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[ad-vahys] /ædˈvaɪs/
an opinion or recommendation offered as a guide to action, conduct, etc.:
I shall act on your advice.
a communication, especially from a distance, containing information:
Advice from abroad informs us that the government has fallen. Recent diplomatic advices have been ominous.
an official notification, especially one pertaining to a business agreement:
an overdue advice.
Origin of advice
late Middle English
1250-1300; late Middle English advise; replacing Middle English avis (with ad- ad- for a- a-5) < Old French a vis (taken from the phrase ce m'est a vis that is my impression, it seems to me) < Latin ad (see ad-) + vīsus (see visage)
Related forms
preadvice, noun
Can be confused
advice, advise (see synonym study at the current entry)
1. admonition, warning, caution; guidance; urging. Advice, counsel, recommendation, suggestion, persuasion, exhortation refer to opinions urged with more or less force as worthy bases for thought, opinion, conduct, or action. Advice is a practical recommendation as to action or conduct: advice about purchasing land. Counsel is weighty and serious advice, given after careful deliberation: counsel about one's career. Recommendation is weaker than advice and suggests an opinion that may or may not be acted upon: Do you think he'll follow my recommendation? Suggestion implies something more tentative than a recommendation: He did not expect his suggestion to be taken seriously. Persuasion suggests a stronger form of advice, urged at some length with appeals to reason, emotion, self-interest, or ideals: His persuasion changed their minds. Exhortation suggests an intensified persuasion or admonition, often in the form of a discourse or address: an impassioned exhortation. 2. intelligence, word. 3. notice, advisory. Unabridged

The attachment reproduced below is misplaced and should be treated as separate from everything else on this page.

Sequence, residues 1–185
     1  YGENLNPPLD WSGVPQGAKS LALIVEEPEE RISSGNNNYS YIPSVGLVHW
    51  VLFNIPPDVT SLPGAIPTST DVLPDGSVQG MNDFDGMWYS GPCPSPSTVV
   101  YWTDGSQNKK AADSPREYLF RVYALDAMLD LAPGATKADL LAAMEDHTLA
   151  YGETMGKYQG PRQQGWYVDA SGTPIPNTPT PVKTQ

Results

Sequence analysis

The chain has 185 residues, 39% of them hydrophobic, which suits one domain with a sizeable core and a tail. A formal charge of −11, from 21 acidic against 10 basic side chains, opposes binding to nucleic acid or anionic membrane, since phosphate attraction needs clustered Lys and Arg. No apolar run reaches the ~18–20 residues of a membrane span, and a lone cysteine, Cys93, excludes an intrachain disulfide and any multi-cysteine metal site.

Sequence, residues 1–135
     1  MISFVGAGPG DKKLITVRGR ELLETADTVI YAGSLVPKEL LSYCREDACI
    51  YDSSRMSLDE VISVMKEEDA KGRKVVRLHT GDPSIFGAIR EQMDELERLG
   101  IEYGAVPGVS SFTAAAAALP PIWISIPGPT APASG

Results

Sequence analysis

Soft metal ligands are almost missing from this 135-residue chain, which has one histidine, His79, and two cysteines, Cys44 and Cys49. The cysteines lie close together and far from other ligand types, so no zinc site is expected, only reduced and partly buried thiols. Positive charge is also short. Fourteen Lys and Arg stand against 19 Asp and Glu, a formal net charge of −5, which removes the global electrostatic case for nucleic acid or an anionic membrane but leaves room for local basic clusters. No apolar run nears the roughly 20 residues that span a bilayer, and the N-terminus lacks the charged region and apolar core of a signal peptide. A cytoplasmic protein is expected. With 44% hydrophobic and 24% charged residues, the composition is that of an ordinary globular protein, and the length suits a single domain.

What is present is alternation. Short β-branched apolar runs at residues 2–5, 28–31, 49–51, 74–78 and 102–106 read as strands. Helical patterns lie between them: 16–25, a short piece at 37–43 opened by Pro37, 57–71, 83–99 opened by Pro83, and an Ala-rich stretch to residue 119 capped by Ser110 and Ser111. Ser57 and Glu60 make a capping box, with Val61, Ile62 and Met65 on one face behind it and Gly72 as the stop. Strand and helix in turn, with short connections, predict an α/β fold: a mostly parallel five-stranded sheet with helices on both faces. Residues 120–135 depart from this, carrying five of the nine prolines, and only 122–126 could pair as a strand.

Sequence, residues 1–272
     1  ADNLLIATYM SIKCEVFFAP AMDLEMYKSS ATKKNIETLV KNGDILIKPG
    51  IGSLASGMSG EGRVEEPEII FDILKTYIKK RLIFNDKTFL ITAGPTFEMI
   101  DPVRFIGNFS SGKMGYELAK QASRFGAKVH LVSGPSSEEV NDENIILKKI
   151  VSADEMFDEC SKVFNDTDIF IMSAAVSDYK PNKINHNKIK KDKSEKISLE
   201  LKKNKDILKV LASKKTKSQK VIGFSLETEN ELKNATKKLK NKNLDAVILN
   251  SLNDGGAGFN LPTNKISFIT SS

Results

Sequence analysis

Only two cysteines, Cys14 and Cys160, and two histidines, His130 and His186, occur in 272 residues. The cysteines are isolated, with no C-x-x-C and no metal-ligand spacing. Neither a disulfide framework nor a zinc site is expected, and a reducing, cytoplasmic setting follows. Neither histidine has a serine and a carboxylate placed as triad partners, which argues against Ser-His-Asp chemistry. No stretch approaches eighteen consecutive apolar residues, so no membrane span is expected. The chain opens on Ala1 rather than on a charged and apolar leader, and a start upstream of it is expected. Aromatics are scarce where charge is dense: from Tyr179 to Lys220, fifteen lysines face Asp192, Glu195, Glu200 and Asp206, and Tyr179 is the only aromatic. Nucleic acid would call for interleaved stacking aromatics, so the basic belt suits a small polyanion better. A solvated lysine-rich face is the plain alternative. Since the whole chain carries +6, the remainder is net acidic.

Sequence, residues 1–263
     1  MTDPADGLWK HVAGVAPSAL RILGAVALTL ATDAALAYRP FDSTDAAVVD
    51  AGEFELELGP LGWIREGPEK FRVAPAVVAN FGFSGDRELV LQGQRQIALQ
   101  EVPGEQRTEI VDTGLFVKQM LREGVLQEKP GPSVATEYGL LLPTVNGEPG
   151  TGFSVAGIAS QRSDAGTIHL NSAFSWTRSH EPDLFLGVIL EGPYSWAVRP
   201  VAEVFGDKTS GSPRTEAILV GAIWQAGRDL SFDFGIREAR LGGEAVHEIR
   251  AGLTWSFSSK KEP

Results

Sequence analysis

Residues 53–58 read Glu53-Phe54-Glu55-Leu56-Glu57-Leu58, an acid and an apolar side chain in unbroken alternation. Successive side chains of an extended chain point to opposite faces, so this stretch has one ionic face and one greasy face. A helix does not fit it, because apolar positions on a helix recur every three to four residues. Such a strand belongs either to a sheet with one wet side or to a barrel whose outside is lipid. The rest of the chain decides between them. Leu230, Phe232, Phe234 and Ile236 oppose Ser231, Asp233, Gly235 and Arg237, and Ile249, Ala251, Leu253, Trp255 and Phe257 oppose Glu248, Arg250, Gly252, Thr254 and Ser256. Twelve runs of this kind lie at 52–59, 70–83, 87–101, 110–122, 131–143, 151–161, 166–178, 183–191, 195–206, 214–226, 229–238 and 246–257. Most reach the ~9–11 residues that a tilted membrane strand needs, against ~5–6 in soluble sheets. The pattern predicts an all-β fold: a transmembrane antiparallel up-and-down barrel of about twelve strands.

Based on the Random House Dictionary, © Random House, Inc. 2015.
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Examples from the Web for advices
Contemporary Examples
Historical Examples
  • Look here; and he showed me advices from New York for 1,500 kronen.

  • He sends Charles to detective offices with advices for the shadowing of these runaways.

    Oswald Langdon Carson Jay Lee
  • He had had advices, he said, from Kazelia that I would bring a certain amount, and I didn't have it.

    Ghetto Comedies Israel Zangwill
  • advices from Furmville are that he is not there with his father-in-law and sister-in-law.

    The Winning Clue James Hay, Jr.
  • I have also had other advices on the subject which in the highest degree comfort me.

  • The sum total of Mr. Whipple's words and advices to him that summer had been these.

    The Crisis, Complete Winston Churchill
  • But doctors' advices, like the warnings of fate, are seldom obeyed; least of all by the young.

    Willing to Die Joseph Sheridan Le Fanu
  • And among them, according to advices which came to the administration, was Blood.

    Colonel Thomas Blood Wilbur Cortez Abbott
  • This was the substance of London advices previous to the arrests.

    Oswald Langdon Carson Jay Lee
British Dictionary definitions for advices


recommendation as to appropriate choice of action; counsel
(sometimes pl) formal notification of facts, esp when communicated from a distance
Word Origin
C13: avis (later advise), via Old French from a Vulgar Latin phrase based on Latin ad to, according to + vīsum view (hence: according to one's view, opinion)
Collins English Dictionary - Complete & Unabridged 2012 Digital Edition
© William Collins Sons & Co. Ltd. 1979, 1986 © HarperCollins
Publishers 1998, 2000, 2003, 2005, 2006, 2007, 2009, 2012
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Word Origin and History for advices



late 13c., auys "opinion," from Old French avis "opinion, view, judgment, idea" (13c.), from phrase ço m'est à vis "it seems to me," or from Vulgar Latin *mi est visum "in my view," ultimately from Latin visum, neuter past participle of videre "to see" (see vision).

The unhistoric -d- was introduced in English 15c., on model of Latin words in ad-. Substitution of -c- for -s- is 18c., to preserve the breath sound and to distinguish from advise. Meaning "opinion given as to action, counsel" is from late 14c.

Online Etymology Dictionary, © 2010 Douglas Harper
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